The likes of Fluke, Transglobal Underground and Banco Di Gaia were all trading in this kind of dubby techno at the time, Underworld took this template and rocked it up, creating a genuine classic in the process. This 1996 follow up, re-released in a similar way (4CD deluxe set) to last year's Dubnobass... was even better. Here we had Underworld in its purest form, Darren Emerson’s influence here is key - his solo releases on his Underwater imprint make his influence here explicit. Obviously he's not solely responsible for the sheer greatness of Second Toughest..., the fusion of rock, dub, drum n’ bass, washed with beautiful Detroit techno drum patterns, and almost Proggy synth work shows three artists performing at their absolute optimum. 

The seventeen minutes of opener “Juanita: Kiteless: To Dream Of Love” and the following fifteen of “Banstyle Sappys Curry” follow a similar structural approach where fragments of music sewn are together, following the loud-QUIET-loud formula of the likes of The Pixies, subverted by playing it through machinery, taking rock, and techno to whole new dimensions. It makes for one of the best openings to an album ever; both make up a suite of three tracks, all very different, but merged to make total sense which two decades remain devastating pieces of music.

The nervous energy of the former’s build up, the mid-section of no nonsense techno jacking breakdown, into the spectacular Phillip Glass-influenced glacial ambience of the final beatless section, or the former’s drum 'n bass (which was everywhere back in '96) beats, the Pink Floydian keys and acoustic guitar passage, before the frantic techno ending immediately set them way above their peers at the time. Remembering that the house and techno boom was still less than ten years old, and the best music generally came in the form of standalone tracks, artist long players were still a pretty new thing. On the whole only Orbital’s Brown album, Exit Planet Dust by The Chemical Brothers, The Prodigy’s Music For The Jilted Generation and Underworld’s own Dubnobass... were the only true great long player’s to transcend their genre boundaries.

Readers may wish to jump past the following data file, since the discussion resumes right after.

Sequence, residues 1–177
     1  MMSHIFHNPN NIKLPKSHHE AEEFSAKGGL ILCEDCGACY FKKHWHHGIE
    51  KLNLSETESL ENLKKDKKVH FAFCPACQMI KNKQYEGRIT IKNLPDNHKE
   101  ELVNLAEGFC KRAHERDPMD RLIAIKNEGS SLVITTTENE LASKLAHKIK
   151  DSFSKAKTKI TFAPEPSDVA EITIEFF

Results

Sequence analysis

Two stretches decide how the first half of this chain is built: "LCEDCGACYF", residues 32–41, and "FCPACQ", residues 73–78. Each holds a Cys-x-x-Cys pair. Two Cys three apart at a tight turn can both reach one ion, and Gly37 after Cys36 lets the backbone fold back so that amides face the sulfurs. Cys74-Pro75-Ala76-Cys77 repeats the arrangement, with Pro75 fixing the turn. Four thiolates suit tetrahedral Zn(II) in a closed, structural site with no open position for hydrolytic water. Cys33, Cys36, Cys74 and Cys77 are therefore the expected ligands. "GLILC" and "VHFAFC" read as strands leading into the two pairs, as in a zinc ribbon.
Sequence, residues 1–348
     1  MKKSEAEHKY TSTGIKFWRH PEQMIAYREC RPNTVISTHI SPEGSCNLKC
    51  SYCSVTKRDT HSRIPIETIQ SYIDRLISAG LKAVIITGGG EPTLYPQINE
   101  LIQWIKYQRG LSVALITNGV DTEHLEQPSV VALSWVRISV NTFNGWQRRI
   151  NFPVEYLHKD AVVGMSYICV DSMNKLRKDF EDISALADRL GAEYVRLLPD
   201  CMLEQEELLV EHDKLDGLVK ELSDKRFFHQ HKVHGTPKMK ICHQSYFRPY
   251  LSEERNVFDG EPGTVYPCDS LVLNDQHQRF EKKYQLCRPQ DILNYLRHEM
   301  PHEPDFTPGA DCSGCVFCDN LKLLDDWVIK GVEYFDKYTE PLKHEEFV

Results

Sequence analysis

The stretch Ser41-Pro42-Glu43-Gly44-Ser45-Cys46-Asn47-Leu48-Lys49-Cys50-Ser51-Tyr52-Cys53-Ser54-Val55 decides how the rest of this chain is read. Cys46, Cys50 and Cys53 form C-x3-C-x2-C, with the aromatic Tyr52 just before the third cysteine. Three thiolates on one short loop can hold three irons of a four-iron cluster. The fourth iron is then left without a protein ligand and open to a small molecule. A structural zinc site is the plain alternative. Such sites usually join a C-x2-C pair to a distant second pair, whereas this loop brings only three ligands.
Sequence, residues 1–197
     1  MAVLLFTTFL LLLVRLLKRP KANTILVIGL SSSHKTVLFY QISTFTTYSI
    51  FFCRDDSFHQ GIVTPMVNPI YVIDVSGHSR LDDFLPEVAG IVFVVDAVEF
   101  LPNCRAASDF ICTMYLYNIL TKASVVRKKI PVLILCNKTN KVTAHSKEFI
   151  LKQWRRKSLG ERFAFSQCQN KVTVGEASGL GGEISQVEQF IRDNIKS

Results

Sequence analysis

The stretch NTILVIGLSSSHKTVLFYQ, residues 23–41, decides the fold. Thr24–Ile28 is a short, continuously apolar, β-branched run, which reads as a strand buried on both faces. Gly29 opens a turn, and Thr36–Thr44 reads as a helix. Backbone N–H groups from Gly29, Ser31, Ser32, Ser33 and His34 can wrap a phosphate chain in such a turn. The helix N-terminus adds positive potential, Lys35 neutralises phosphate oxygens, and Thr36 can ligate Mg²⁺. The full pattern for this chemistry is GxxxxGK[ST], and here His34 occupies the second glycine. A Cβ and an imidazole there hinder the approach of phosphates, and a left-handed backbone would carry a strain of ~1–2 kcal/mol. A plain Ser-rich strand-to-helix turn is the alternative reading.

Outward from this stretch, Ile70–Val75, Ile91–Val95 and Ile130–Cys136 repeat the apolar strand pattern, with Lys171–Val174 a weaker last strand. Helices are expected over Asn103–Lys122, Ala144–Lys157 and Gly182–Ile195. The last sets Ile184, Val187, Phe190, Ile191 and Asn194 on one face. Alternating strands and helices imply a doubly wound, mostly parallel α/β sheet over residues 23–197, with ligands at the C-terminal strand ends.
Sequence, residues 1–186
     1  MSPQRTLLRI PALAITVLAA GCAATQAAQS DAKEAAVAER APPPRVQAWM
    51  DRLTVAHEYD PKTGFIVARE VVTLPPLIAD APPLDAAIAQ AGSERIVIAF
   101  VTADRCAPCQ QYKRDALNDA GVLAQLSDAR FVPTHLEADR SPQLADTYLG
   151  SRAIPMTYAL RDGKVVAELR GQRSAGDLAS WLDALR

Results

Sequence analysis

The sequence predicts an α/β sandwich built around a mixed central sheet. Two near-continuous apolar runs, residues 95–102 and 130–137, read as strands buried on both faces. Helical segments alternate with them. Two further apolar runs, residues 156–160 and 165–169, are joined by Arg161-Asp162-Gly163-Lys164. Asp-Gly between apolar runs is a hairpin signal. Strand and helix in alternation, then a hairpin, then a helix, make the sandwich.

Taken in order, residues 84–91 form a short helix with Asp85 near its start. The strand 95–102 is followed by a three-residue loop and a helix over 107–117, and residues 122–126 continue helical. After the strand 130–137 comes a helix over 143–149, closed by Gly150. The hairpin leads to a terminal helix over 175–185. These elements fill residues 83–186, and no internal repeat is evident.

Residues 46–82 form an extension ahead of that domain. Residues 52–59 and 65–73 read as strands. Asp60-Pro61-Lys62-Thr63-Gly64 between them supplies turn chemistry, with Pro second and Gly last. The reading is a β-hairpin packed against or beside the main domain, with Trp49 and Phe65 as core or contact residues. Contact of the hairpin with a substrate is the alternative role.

Even back in ‘96, the influence that Second Toughest.. was to have and the longevity it was to enjoy was immediate. How could it not be with those first two tracks? After the complexity of those, the general simplicity of "Confusion The Waitress” proves to be a stirring shift into straight forward 140 bpm beat-fest; nothing intricate here, just a heads down, sweat dripping from ceiling, no nonsense techno thrill.

The showpiece here is “Pearls Girl”. Clinical in execution, the fusion of fierce breakbeats with hard jungle drums, bubbling John Carpenter synth work, and vocalist Karl Hyde at his most oblique, “Rioja, Rioja / Reverend Al Green / Deep Blue Morocco / The water on stone / Andalusia / Red Yellow / Red Yellow / Black Car / Red Light", which uses the same cut up lyrical technique deployed by Thom Yorke famously on Radiohead’s 2000 album Kid A. This is Underworld at their most complete and thrilling best.

The album’s eight tracks are all very different but complement each other perfectly. The closing two  - the muffled blusey riffs of “Blueski” and the 5am desolation of “Stagger” - provide a natural comedown to the wanton euphoria of what came before it. Elsewhere in the set, you get a number of their B-sides from this period; “Mosaic” and “Puppies” are two excellent pieces of minimalism which pre-date the likes of Shackleton by over a decade. A disc of unreleased material provides a fascinating back story to what the album became, too; “Techno Thang”’s title gives the game away as does “D & B Thing” while the final disc is dedicated to their albatross , “Born Slippy" and its myriad of guises.

Originally released as a standalone between the two albums, and re-released in ’96 due to its popularity after its inclusion to Danny Boyle’s Trainspotting film, "Born Slippy" managed to overshadow Second Toughest somewhat. Even though it's a totally played-out track that audience and probably band have heard more than enough of, as soon as that riff kicks in, the knuckles whiten, the jaws slacken, and it's enough to bring out the rave uncle in all of us. If you're a fan, there's an excessive nine different versions to go through. 

In the album's brutality there was always beauty, but in its beauty there were tints of melancholy. These are the reasons why after laying down the template for some incredible electronic long players that have come since, Second Toughest In The Infants became the album impossible to beat.